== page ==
“In early 2011, I met with the police in order to help in their investigation. I gave to them my account of a meeting I had with Mayor Gilles Vaillancourt dating back to 1994. As is indicated, I effectively and immediately ended the meeting with Mr. Vaillancourt,” Mr. Mulcair said.

The statement corroborated a story in Montreal newspaper La Presse that Mr. Mulcair told police that he felt the envelope likely contained cash and that he had refused it.

Further on, Leblanc writes:

Mr. Mulcair was asked at a news conference in 2010 whether he had ever been offered or seen “envelopes of cash” in Mr. Vaillancourt’s office. He answered, “No.”
 The statement is accurate in that Mr. Mulcair apparently did not see the contents of the envelope that Mr. Vaillancourt had offered.

Leblanc writes this about Mulcair's concern about another member of the legislature:

In his 2010 comments, Mr. Mulcair criticized Serge Ménard, a former Bloc Québécois MP and Parti Québécois MNA who had acknowledged to the media that he was offered an envelope from Mr. Vaillancourt.
 While Mr. Ménard said he refused the offer, Mr. Mulcair raised questions about his failure to report the matter to authorities, given that he went on to become a prominent PQ minister.

“One thing preoccupies me with that is that a person who went on to become justice minister and public security minister felt that he couldn’t do anything about it,” Mr. Mulcair said at the time.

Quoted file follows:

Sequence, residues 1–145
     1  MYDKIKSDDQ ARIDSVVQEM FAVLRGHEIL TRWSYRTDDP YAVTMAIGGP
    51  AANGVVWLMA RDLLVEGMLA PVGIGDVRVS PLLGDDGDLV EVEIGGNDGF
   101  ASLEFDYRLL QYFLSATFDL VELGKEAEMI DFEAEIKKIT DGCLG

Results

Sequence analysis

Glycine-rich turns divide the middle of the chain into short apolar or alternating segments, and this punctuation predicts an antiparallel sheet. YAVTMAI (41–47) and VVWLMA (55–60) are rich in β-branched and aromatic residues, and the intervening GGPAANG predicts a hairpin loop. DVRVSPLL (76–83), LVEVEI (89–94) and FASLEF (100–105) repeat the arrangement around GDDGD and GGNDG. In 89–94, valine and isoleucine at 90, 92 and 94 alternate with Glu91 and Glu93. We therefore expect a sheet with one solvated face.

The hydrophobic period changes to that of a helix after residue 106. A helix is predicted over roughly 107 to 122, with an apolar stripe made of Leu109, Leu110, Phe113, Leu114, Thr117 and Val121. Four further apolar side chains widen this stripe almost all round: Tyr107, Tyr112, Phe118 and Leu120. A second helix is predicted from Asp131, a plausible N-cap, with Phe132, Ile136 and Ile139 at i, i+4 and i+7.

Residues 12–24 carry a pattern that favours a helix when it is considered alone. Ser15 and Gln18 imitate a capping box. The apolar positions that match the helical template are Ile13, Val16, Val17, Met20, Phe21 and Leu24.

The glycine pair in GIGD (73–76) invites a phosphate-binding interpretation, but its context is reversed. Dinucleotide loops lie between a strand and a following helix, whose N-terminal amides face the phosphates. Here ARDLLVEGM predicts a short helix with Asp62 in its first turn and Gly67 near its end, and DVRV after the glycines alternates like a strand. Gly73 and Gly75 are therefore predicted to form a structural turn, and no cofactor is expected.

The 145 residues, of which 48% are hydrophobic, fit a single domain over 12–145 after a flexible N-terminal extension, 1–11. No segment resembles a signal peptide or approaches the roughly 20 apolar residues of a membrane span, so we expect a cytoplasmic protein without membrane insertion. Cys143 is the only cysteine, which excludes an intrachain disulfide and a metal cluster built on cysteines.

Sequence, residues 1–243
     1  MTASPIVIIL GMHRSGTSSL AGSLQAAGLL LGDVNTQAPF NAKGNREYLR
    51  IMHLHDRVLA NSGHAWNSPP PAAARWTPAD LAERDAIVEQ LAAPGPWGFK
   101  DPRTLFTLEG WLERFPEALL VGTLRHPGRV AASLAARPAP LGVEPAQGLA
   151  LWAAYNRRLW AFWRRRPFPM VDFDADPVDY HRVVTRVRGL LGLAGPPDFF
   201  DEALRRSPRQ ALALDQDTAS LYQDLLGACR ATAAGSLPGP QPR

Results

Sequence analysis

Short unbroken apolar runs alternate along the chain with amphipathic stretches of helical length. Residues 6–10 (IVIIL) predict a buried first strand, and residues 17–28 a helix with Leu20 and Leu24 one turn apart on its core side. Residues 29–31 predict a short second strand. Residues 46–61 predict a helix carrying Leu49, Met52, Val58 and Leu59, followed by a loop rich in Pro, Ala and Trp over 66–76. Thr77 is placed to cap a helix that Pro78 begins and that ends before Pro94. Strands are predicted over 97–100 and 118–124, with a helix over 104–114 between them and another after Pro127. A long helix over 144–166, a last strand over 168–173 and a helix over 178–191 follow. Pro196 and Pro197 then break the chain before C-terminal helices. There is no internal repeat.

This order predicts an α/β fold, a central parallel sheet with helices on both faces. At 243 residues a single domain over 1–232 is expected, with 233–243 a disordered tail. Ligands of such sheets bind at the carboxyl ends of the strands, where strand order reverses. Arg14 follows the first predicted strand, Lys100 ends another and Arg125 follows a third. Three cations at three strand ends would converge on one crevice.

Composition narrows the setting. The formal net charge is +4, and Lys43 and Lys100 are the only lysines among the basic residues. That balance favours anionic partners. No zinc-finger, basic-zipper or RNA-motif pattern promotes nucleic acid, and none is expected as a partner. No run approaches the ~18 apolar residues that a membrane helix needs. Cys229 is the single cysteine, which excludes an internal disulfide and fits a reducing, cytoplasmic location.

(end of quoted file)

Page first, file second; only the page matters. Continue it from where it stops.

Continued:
He added that when someone raised a case of potential wrongdoing with him, “I invited the person to go to the police.”

It is not clear from the above quote as to exactly when, in Mulcair's opinion, his fellow legislature member should have told the police about the mayor and the envelope. Should he have done it soon after the envelope was offered by the mayor? If so, why would this duty not also apply to Mulcair? Or should he have done it as soon as he was appointed justice minister? And why just then?

This issue will not go away in a hurry, and the Harper Tory attack ads will hurt Mulcair and his party unless he clarifies issues, especially the nagging question why he never told any authority (the Speaker of the Legislature; the RCMP; the provincial police; the Premier; whoever ...) about his concerns about 'the envelope'.


  1. Mulcair didn't know what was in envelope, had no evidence, and you can't go to Police with a hunch, especially about a powerful Mayor without evidence.

    Your leader on the other hand had no problem with going on a very profitable speaking tour while he was supposed to be at work in Parliament. He took money from school boards and charities to give pay speeches he wasn't qualified to give.